Anybody who's been birding in the UK for a decade or so will have noticed a decline in Ortolan Bunting records, from a scarce but regular visitor, to a genuine rarity. Blakeney Point holds the first Norfolk record for the species, way back on 12th September 1884, and a whopping 106 were recorded here between 1950 and 2005 (Stoddart & Joyner 2005), but the decrease in records is really quite shocking. In the 1950's, 41 were recorded, 26 in the 1960's, down to 12 in the 1990's and, though I don't have the records to hand, there must have been barely a handful in the 2000's, and I don't think there have been any yet this decade.
St. Mary's September 2005
Obviously part of this fall has been the agricultural revolution that has destroyed populations of many of Europe's farmland birds, but I was shocked to see this video by CABS (Committee Against Bird Slaughter) filmed in France earlier this autumn.
Clearly trapping of Ortolans is rampant in certain parts of the country, and this must be having a devastating effect on an already struggling species. Check out the CABS website for more details about the extent of this shocking industry and what you can do to help out. I've had the pleasure of working with some of the CABS guys in Malta and can say that they are the most dedicated bunch of conservationists you could hope to see, really putting themselves in the line of fire (quite literally sometimes) to stand up for what is right. We could do with a few more like them on this planet.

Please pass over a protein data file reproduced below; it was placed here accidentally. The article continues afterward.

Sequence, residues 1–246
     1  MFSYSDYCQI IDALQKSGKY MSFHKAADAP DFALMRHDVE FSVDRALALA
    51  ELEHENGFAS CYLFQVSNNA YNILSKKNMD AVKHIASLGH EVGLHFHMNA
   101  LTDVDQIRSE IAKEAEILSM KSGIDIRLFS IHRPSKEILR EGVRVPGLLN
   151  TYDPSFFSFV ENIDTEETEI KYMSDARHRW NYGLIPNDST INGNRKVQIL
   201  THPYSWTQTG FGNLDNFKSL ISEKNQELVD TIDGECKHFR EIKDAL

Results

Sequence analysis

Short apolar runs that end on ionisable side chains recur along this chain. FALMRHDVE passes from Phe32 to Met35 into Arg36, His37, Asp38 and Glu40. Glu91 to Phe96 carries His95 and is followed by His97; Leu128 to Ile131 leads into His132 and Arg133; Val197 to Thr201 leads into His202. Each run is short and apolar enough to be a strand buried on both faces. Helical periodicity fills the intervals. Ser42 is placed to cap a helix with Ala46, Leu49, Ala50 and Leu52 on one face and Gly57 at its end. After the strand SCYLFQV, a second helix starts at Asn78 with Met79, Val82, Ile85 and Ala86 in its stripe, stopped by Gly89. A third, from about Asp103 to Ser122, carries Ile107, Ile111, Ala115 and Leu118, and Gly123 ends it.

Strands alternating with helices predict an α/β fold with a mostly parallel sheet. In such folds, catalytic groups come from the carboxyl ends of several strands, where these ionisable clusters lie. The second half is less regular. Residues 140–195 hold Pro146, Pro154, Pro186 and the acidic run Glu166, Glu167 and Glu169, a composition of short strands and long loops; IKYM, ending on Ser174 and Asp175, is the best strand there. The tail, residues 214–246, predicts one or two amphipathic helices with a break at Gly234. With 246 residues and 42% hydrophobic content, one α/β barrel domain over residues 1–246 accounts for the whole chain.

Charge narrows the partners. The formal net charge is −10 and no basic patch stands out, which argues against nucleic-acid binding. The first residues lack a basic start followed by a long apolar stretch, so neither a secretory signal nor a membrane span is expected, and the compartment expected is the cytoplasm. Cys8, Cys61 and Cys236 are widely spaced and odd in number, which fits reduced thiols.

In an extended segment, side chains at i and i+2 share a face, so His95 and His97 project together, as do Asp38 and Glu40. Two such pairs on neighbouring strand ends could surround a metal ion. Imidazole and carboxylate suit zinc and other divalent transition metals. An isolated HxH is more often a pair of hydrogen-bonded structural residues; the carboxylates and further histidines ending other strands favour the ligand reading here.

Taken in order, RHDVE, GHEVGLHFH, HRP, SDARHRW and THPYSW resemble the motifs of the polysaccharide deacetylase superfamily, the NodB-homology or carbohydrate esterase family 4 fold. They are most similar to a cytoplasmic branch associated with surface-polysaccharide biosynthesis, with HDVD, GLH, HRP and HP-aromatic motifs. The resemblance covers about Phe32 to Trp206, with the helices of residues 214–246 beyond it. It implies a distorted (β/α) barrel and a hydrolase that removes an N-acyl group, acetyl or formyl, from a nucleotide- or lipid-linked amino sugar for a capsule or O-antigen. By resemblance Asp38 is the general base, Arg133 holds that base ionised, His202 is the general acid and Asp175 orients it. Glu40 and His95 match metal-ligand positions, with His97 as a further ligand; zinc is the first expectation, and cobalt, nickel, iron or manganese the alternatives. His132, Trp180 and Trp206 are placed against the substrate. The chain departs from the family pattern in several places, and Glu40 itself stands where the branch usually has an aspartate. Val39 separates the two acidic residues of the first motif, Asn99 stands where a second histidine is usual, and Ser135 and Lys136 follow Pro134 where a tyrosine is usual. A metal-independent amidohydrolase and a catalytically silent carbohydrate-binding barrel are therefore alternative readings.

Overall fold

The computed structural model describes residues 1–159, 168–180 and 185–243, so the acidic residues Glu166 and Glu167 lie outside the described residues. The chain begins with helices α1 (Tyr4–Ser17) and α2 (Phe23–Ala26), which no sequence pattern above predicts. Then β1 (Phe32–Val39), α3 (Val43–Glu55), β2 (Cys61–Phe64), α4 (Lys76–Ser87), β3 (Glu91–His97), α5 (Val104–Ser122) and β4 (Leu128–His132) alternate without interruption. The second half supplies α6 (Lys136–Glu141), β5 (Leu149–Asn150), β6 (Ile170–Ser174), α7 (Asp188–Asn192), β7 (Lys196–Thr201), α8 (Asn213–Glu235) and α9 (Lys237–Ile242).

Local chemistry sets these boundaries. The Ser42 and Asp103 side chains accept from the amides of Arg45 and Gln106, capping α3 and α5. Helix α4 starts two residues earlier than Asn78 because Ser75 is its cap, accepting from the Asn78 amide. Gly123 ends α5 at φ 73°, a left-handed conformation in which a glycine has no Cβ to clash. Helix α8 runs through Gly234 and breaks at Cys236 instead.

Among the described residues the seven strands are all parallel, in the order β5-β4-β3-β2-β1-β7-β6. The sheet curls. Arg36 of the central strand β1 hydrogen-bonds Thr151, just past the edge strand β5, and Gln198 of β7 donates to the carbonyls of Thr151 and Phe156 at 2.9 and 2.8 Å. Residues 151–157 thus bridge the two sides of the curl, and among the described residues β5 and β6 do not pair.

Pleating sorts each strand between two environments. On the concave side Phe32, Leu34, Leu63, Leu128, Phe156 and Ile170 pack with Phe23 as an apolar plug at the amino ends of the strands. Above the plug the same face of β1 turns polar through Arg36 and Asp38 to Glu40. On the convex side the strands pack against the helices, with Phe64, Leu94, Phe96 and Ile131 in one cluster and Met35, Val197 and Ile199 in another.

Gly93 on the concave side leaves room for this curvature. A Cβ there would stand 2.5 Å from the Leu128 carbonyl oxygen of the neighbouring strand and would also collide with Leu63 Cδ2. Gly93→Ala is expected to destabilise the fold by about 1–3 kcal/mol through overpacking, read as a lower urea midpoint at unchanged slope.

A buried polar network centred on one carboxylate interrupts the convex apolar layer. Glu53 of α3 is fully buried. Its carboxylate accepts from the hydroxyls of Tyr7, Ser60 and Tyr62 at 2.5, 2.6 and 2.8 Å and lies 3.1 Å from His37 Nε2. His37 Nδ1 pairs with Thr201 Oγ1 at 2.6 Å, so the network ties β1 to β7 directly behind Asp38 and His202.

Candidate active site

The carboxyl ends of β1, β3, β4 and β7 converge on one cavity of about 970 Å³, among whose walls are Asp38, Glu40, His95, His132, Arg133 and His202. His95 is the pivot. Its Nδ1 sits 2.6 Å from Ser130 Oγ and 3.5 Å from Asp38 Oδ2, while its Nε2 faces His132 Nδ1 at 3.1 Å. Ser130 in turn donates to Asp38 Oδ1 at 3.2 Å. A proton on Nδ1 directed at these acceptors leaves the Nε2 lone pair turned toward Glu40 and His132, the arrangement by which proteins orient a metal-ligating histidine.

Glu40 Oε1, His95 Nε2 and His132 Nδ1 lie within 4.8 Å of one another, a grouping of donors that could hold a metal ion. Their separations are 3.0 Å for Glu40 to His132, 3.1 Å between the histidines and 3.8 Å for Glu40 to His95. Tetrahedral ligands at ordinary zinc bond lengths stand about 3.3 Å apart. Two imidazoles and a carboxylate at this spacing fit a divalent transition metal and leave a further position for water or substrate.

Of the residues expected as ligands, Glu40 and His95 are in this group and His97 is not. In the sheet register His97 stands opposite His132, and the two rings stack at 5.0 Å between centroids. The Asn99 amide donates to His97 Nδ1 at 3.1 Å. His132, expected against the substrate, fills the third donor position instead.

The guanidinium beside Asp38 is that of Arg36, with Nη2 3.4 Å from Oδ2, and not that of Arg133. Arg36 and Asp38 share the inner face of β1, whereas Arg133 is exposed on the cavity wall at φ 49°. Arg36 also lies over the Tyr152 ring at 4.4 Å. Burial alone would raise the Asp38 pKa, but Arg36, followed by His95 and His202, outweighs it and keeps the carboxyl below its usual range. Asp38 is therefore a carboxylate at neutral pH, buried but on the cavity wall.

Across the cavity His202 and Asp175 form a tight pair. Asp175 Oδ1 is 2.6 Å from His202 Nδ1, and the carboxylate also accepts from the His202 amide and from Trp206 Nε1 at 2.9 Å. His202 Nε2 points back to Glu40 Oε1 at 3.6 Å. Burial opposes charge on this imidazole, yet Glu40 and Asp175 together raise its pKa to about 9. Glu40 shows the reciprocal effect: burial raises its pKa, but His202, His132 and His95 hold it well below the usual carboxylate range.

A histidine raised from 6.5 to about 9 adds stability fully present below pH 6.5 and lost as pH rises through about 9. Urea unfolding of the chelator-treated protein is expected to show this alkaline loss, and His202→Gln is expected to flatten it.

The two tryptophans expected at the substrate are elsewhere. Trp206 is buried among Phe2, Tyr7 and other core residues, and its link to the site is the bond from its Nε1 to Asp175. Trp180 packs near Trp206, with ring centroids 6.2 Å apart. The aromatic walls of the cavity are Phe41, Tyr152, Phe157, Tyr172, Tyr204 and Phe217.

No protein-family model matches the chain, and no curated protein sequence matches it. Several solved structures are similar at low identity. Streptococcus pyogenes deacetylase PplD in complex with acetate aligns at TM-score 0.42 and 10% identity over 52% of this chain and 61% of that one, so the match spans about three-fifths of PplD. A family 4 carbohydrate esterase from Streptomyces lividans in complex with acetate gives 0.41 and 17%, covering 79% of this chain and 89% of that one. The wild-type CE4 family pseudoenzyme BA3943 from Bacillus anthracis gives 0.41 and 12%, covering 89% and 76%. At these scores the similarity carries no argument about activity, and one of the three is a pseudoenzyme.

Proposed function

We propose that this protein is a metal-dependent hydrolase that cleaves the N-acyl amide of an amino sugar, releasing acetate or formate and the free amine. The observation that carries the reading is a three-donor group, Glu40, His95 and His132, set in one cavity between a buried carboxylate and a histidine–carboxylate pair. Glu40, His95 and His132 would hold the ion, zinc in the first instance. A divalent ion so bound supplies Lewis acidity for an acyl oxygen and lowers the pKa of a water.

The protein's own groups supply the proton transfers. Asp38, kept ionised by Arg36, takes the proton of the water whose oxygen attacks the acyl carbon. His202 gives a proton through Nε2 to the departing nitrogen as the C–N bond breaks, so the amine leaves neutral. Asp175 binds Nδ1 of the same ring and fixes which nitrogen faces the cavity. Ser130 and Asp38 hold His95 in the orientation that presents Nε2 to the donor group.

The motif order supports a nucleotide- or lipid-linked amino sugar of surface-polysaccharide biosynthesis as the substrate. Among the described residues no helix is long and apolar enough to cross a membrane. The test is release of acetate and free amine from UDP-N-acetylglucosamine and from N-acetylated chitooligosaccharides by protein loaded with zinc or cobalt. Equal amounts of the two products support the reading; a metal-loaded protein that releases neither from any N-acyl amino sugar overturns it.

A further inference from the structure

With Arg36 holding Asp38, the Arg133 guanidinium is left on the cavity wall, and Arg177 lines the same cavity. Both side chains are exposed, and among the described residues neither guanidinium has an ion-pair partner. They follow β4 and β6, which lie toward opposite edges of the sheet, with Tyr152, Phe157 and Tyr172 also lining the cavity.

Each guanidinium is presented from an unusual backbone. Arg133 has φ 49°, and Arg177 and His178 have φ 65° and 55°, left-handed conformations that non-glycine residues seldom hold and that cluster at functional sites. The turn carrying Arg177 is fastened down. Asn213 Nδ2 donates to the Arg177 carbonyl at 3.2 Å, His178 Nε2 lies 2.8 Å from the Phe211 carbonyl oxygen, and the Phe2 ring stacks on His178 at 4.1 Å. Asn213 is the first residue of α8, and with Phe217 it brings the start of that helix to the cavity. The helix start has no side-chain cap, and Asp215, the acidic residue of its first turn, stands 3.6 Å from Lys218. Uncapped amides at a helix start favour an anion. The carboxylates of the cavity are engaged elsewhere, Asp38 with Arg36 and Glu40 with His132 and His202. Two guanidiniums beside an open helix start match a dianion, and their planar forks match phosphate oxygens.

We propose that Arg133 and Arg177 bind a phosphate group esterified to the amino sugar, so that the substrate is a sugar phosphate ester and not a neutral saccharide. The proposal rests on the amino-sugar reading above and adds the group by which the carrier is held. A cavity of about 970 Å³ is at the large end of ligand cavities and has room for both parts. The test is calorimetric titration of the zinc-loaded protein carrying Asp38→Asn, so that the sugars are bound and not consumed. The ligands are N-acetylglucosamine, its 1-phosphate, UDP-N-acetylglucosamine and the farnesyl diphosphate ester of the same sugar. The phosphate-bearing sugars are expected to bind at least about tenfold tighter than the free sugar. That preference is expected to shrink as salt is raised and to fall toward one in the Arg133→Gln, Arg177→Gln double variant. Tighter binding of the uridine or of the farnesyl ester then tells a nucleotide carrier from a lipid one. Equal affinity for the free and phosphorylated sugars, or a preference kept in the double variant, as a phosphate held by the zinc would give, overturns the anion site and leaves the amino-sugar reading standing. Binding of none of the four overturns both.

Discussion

Finally, apologies if you ended up reading this post expecting to see news of an Ortolan on The Point, but if this sort of thing continues to happen, the chances of seeing one here are going to get slimmer and slimmer, unlike the wallets of those working in this disgusting trade.